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Meet The Next Black President
  Gig review: Femi Kuti and The Positive Force
Mezz, Breda, 29 May 2006

Sitting in the train that takes me from Schiphol to Breda (a city in the south of Holland) my memories go back to the year 1984. I was a 13-year-old boy back then discovering the world of pop music. At the time Punk was dead, New Wave was buried and Reggae was still suffering from Bob Marley’s untimely death. The trendy thing then was African music. Terms like Juju and Afrobeat where the talk of the day and African musicians were drawing incredible crowds. I remember I noticed that there were flyers attached to the walls all over the city of Amsterdam in the summer of 1984 with the image on them of a black man with a bare chest holding a saxophone. I later read the review of this concert in the newspaper and learnt that the black man with the saxophone was Fela Anikulapo Kuti, the creator of Afrobeat. It wasn’t long after that that I bought my first Fela record and the hypnotic sounds of Fela Kuti and Egypt 80 hypnotized me for life.

It is now 22 years later and Fela has passed away from this life, but his eldest son Femi has succeeded his father as the king of Afrobeat. The train reaches the station of Breda and I have to leave my memories and concentrate on finding the venue. After a 15 minute walk through the appealing centre of Breda, I see a funny looking building shaped like a giant whale. This is Mezz Concerts and Dance. Femi’s tour buss stands next to the building. I just have to show my ticket to get in. No metal detectors, no frisking. There are only a few people present in the hall, but it’s still early.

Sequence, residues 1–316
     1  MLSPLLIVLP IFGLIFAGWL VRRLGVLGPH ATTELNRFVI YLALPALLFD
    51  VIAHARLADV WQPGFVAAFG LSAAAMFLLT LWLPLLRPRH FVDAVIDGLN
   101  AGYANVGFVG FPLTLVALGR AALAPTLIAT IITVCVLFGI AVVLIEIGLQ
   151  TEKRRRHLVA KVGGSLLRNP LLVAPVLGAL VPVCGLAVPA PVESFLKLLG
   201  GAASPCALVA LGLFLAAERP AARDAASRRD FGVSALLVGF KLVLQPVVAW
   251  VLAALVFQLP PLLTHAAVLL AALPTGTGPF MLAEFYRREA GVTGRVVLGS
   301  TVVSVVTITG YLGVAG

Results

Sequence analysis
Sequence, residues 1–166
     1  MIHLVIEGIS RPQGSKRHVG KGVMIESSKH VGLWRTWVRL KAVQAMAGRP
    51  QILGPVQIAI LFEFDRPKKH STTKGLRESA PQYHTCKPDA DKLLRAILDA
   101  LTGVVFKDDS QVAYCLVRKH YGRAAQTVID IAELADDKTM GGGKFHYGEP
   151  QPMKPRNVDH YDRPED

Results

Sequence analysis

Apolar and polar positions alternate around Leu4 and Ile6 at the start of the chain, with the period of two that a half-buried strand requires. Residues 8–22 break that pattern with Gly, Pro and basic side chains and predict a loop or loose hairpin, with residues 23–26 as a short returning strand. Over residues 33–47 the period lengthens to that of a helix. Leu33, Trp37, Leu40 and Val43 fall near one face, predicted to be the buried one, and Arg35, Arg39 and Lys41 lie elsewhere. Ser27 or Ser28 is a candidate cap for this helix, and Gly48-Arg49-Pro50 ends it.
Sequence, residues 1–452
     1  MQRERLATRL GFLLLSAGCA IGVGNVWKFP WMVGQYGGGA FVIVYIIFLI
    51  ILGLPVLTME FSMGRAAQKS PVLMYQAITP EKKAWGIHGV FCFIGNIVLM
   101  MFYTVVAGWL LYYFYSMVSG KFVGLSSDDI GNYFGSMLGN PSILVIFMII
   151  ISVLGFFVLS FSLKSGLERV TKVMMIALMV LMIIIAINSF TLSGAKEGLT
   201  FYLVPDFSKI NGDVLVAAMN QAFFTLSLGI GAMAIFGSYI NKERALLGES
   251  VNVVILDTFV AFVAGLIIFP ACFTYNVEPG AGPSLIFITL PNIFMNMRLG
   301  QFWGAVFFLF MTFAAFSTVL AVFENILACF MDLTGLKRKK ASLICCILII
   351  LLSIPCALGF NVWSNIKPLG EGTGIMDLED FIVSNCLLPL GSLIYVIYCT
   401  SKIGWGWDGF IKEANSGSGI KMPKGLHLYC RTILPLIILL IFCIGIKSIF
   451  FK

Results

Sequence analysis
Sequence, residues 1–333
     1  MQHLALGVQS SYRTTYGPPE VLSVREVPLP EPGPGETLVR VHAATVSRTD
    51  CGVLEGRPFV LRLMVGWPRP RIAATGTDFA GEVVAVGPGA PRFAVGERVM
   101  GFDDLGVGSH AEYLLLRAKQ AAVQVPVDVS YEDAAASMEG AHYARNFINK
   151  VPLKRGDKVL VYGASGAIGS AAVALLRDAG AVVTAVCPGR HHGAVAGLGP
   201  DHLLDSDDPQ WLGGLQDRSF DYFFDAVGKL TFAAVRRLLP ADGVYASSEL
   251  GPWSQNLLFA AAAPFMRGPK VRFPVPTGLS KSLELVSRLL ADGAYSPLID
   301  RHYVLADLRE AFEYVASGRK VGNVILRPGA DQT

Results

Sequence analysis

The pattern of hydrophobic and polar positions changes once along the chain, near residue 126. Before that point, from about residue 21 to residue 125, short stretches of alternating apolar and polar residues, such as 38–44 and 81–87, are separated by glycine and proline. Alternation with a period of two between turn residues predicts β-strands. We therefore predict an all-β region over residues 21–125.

Towards nine there’s a reasonably large crowd and only a few minutes after nine (who ever said that Africans were always too late?) five of Femi’s musicians take the stage. Guitar, drums, bass, percussion and keyboards set out a basic rhythm. The horns section appears a couple of minutes later. Femi’s “Dancing Queens” are the next to appear and the crowd cheers them on. Femi is last to appear and judging by the reaction of the crowd it seems as if the popularity of African music has hardly diminished. As Femi takes us through his repertoire he seems to be completely one with his music. Sometimes playing keyboards with his eyes closed, sometimes making almost spastic movement with his arms to the beat, sometimes dancing uncontrollably. The horns section of five men provided an explosive topping for the basic rhythm set out by their five colleagues. The greatest visual attraction, however, are the three dancers/back-up singers. They dance around the stage as only African woman can. Rhythmically, sensually and exotic this is a true sight to behold.

Femi guides us through all his greatest hits like “1,2,3,4”, “Beng, Beng, Beng”, “Stop Aids” and a cover version of his father’s famous song “Water No Get Enemy”. There was a moment of repose with a lullaby like song calling for peace on earth. It was only when Femi’s crowd pleaser “Shotan” was played that the crowd really went wild. After two more songs the musicians left the stage. But the crowd was in for more and the rhythmic applause that continued for minutes could not be ignored by the band. Four more new songs that I hope will make it on to the next album concluded a wonderful evening. A big salute to Femi and The Positive Force for bringing us 2,5 hours of kick-ass Afrobeat music. Femi, you are truly your father’s son.

Text and pictures, copyright, Julio Punch, 2006.